A fashionable lady of the mid 17th century (Wenceslaus Hollar, 1640) Cleveland Museum of Art, CCO via Wikimedia Commons

In response, the Levingstons proffered Some considerations, not only pointing to court judgements that Lady Powell’s settlement in their favour had been achieved ‘willingly, and without constraint’, but also – quoting several biblical passages – questioning the authority of ‘the legislative power’ (Parliament) to determine such matters. Furthermore, the demand of its committee for receiving petitions to see Anne’s deeds of title to the estate ‘may be of very evill consequence’ in giving their adversaries sight of evidence before another trial. ‘Clear in their own consciences’, the Levingstons produced a new villain: ‘one Crump, otherwise Crompton … a mean menial servant unto Lady Powell’s husband’.

This narrative was expanded greatly in the sensational A true narrative of the case, which drew in an astonishing range of players. Crompton, steward and executor to the first Lady Vanlore and not above ‘tampering with sorcerers’, had manoeuvred to grasp the Vanlore inheritance for himself and ‘procure a divorce’ between the Powells, drawing into his schemes Vandenbempde and Chelsea resident Sir John Danvers. But, after mediation involving the current Master of the Rolls (William Lenthall) and Lieutenant-general Edmund Ludlowe, the couple had been reconciled. Lady Powell, who loved Anne Levingston ‘as her own child’, had made a perfectly legal conveyance to her niece, as she had long promised. After her death, however, Anne had been accused of effecting this by ‘sorcery, witchcraft and love powder’. Yet she had been acquitted of all this in court, as also of ‘poyson[ing] Lady Powel to death’, by the latter’s physicians (including onetime MP Jonathan Goddard and the eminent immigrant Jean Colladon), her apothecary and ‘the surgeons that dissected her’. As they testified, she died from ‘the Dropsie, Scurvy, Jaundies and two Cancers in her Liver’.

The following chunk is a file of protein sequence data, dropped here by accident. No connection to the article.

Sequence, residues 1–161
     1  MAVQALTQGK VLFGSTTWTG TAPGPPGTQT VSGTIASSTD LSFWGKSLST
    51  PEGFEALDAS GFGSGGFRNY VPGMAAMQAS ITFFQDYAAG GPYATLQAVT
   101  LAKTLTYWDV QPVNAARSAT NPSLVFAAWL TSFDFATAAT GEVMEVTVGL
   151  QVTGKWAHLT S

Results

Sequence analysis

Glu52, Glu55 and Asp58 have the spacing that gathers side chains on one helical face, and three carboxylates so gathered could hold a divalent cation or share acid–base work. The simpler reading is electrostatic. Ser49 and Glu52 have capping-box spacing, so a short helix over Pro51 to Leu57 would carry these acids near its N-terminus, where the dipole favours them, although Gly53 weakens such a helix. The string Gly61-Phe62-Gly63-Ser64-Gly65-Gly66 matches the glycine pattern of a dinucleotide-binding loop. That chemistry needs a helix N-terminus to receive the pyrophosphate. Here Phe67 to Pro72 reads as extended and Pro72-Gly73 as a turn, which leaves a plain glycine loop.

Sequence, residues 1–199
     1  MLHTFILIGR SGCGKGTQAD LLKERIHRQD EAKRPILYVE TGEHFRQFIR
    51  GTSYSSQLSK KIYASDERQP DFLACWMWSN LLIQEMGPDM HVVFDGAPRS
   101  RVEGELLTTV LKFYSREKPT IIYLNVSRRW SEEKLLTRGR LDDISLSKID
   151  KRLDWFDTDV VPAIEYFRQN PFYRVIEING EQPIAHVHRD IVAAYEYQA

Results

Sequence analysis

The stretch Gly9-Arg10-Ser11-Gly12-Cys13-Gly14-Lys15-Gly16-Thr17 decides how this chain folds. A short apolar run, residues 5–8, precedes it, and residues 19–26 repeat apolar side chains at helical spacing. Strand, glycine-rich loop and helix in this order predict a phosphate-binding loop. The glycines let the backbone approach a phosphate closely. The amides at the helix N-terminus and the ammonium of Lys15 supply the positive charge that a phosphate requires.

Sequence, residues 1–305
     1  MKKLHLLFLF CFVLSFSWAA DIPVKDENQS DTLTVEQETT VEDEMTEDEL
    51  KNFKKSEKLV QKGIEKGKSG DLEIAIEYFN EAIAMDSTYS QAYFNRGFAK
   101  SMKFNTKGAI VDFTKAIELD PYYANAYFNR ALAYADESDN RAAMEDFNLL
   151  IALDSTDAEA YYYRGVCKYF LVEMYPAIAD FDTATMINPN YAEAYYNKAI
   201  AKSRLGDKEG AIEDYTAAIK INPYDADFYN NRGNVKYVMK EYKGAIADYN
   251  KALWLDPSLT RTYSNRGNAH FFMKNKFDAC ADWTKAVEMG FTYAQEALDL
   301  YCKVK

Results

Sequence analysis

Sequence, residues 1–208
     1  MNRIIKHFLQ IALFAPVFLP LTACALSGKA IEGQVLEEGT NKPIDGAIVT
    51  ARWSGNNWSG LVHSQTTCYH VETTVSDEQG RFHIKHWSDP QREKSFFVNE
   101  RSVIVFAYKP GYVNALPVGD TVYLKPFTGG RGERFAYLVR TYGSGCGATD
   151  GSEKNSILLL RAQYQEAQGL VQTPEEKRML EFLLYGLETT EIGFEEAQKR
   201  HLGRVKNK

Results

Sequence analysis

There was a great deal more in this vein, so it is unsurprising that the case resurfaced in subsequent Parliaments. By June 1660, when the 4th earl of Stirling pursued his mother’s claims against the Levingstons in the Lords, peers were confronted with a book of more than 600 pages of evidence taken in the cause. They appear no more successful than previous parliamentarians in disentangling the story. ‘Vexatious suits’ between the heiresses and their supporting actors continued well into the 1670s.


Further reading

To the right honourable the Parliament … the humble Petition of Mary Countess of Stirling (1654, BL 669.f.19.31)

Some considerations humbly proposed … by Thomas Levingston esquire and Anne his wife (1654)

The State of the case … between the Countess of Sterlin … by Petition in Parliament (1654, BL 669.f.19.43)

A true Narrative of the Case so much Controverted between Mistress Anne Levingston (1655.)

Journal of the House of Commons, vii

Journal of the House of Lords, xi

Biographies or further biographies of Robert Croke, Sir John Danvers, Dr Jonathan Goddard, William Lenthall, Thomas Levingston and Edmund Ludlowe are being prepared by the Commons 1640-1660 section.